421Mytekfig02

Fig.2 Mytek Brooklyn AMP+, small-signal 10kHz squarewave into 8 ohms with Audio Precision AUX-0025 low-pass filter.

421Mytekfig03

Fig.3 Mytek Brooklyn AMP+, spectrum of 1kHz sinewave, DC–1kHz, at 1W into 8 ohms (left channel blue, right red; linear frequency scale).

Mytek's website specifies the amplifier's maximum power as 250Wpc into 8 ohms (24dBW), 300Wpc into 4 ohms (21.7dBW), and 400Wpc into 2 ohms (20dBW). Defining clipping as when the THD+noise in the output reaches 1%, I measured the clipping power with both channels driven into 8 ohms as 265W (24.23dBW, fig.4). However, when I tried to measure the clipping power into 4 ohms, the Mytek went into protection mode at 210.4Wpc into 4 ohms (20.2dBW, fig.5). Similarly, the AMP+ went into protection mode at 103.7W into 2 ohms (14.14dBW, not shown). In both cases, the amplifier turned itself on again as soon as I reduced the level of the input signal.

421Mytekfig04

Fig.4 Mytek Brooklyn AMP+, distortion (%) vs 1kHz continuous output power into 8 ohms.

421Mytekfig05

Fig.5 Mytek Brooklyn AMP+, distortion (%) vs 1kHz continuous output power into 4 ohms.

I examined how the Brooklyn's THD+N percentage varied with frequency at 20V (equivalent to 50W into 8 ohms, 100W into 4 ohms, and 200W into 2 ohms). The THD+N was extremely low in the bass and midrange into 8 and 4 ohms (fig.6), with the usual rise in the treble due to the decrease in open-loop voltage gain as the frequency increased. Note the higher level of distortion with the right channel driving 4 ohms (magenta trace) than the left (cyan trace). This graph doesn't show how the THD+N percentage varied into 2 ohms, as the amplifier went into protection at this output voltage.

421Mytekfig06

Fig.6 Mytek Brooklyn AMP+, THD+N (%) vs frequency at 20V into: 8 ohms (left channel blue, right red) and 4 ohms (left cyan, right magenta).

The THD+N waveform at 50Wpc into 8 ohms (fig.7) suggests that the distortion signature is primarily third harmonic in nature. This was confirmed by spectral analysis of the amplifier's output while it drove 50Hz at 50Wpc into 8 ohms (fig.8). The third harmonic was a little higher in the right channel (red trace), but the second and higher-order harmonics all lay at or below –100dB (0.001%). As implied by fig.6, when I drove the 50Hz tone at the same voltage into 4 ohms the third harmonic increased in level in the right channel but was still relatively low at –74dB (0.02%, fig.9).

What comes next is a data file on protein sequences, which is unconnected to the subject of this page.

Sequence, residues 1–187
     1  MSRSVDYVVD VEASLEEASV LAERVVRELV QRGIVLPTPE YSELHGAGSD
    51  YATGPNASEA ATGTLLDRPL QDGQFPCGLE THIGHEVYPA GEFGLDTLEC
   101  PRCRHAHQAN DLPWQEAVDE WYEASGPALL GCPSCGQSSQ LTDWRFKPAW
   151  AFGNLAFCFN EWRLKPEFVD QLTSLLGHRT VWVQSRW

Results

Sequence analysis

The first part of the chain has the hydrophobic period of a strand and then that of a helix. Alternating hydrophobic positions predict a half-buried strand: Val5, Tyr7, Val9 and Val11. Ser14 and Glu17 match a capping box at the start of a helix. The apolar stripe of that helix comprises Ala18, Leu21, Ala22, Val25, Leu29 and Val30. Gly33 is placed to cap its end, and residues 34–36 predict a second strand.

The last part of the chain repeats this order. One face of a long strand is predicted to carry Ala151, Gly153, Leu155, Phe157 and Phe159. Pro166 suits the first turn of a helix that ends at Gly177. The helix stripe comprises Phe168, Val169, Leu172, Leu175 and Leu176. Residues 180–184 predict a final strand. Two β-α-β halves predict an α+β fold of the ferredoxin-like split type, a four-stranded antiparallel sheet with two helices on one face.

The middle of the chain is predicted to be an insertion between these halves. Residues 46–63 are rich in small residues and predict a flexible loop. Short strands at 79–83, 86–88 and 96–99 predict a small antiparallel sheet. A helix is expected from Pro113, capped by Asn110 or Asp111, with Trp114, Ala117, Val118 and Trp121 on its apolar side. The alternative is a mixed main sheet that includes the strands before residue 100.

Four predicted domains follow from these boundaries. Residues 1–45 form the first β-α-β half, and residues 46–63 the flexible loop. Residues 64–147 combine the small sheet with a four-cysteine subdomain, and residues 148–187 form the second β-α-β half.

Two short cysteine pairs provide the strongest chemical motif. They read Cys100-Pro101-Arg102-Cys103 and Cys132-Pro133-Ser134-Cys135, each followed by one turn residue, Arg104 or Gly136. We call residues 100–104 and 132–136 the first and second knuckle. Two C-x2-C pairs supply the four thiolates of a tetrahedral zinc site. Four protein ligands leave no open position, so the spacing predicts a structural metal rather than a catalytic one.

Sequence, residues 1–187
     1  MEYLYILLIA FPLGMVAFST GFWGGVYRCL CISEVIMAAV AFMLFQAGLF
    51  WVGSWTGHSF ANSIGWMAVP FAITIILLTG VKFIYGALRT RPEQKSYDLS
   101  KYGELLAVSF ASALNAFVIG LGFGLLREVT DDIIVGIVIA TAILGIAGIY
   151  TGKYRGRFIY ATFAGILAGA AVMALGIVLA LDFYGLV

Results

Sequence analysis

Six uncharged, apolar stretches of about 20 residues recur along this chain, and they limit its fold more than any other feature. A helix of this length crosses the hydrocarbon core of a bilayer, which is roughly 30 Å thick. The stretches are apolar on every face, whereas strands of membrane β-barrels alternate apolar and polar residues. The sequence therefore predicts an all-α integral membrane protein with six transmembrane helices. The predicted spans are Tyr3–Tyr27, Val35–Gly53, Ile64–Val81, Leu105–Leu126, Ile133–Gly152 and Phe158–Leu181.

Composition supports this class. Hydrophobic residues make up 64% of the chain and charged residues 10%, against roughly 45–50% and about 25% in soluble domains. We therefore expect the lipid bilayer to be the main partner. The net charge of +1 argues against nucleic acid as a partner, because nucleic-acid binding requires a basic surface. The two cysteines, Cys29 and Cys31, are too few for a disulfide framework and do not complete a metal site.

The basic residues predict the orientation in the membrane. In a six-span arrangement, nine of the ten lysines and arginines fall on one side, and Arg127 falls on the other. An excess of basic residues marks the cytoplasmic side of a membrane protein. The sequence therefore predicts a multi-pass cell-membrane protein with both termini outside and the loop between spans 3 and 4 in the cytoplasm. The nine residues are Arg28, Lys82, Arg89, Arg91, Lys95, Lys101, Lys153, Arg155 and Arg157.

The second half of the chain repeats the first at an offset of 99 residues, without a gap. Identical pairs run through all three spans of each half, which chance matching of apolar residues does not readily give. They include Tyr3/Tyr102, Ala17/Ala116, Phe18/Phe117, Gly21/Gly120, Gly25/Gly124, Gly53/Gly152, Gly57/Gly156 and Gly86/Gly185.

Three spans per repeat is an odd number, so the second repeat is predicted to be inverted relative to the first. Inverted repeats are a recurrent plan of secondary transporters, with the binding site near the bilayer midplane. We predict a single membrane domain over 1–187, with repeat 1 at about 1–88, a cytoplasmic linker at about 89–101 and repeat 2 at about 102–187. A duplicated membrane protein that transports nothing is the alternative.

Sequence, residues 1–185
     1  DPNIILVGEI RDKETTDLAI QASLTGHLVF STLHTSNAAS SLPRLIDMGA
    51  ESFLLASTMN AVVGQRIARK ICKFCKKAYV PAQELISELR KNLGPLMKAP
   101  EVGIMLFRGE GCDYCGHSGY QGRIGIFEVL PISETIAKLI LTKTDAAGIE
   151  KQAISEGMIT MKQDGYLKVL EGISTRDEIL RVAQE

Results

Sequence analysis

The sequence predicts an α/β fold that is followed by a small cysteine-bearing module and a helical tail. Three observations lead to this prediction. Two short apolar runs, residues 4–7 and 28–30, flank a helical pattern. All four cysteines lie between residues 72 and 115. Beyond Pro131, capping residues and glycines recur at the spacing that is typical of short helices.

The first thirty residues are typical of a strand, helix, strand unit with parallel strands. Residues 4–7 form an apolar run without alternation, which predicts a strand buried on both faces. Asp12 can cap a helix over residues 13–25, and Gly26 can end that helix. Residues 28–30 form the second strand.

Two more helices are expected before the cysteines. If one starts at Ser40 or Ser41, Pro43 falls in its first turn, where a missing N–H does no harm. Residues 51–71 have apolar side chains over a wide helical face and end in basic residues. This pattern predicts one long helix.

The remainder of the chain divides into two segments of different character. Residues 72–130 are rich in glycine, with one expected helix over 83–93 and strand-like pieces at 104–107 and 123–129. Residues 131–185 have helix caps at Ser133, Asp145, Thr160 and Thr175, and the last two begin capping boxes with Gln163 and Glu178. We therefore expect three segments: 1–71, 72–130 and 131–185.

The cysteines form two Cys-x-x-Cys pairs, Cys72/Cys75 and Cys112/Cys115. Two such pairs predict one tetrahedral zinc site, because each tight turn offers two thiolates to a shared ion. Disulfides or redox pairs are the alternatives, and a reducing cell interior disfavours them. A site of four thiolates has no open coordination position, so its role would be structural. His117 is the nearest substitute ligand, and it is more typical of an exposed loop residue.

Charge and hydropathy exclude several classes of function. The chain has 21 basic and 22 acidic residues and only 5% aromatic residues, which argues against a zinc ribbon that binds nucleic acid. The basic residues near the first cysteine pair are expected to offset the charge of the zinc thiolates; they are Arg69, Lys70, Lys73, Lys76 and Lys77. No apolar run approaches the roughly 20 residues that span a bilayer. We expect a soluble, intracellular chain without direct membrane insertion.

421Mytekfig07

Fig.7 Mytek Brooklyn AMP+, 1kHz waveform at 50W into 8 ohms, 0.003% THD+N (top); distortion and noise waveform with fundamental notched out (bottom, not to scale).

421Mytekfig08

Fig.8 Mytek Brooklyn AMP+, spectrum of 50Hz sinewave, DC–1kHz, at 50W into 8 ohms (left channel blue, right red; linear frequency scale).

421Mytekfig09

Fig.9 Mytek Brooklyn AMP+, spectrum of 50Hz sinewave, DC–1kHz, at 50W into 8 ohms (left channel blue, right red; linear frequency scale).

Despite the decrease in top-octave linearity shown in fig.6, when tested with an equal mix of 19 and 20kHz tones and the signal peaking at 100Wpc into 4 ohms, the Mytek produced low levels of intermodulation distortion (fig.10). The difference product at 1kHz lay at –94dB (0.002%) in the left channel (blue trace) and at –100dB (0.001%) in the right channel (red trace). The higher-order intermodulation products all lay close to or below –80dB (0.01%).

421Mytekfig10

Fig.10 Mytek Brooklyn AMP+, HF intermodulation spectrum, DC–30kHz, 19+20kHz at 100W peak into 4 ohms (left channel blue, right red; linear frequency scale).

Like its predecessor, Mytek's Brooklyn AMP+ is indeed a tiny powerhouse. It matched the measured performance of the original Brooklyn AMP in most ways but with a wider small-signal bandwidth and a lower level of ultrasonic noise. Even with its hair-trigger protection circuit, it will offer sufficient power into low-impedance loudspeakers with music signals.—John Atkinson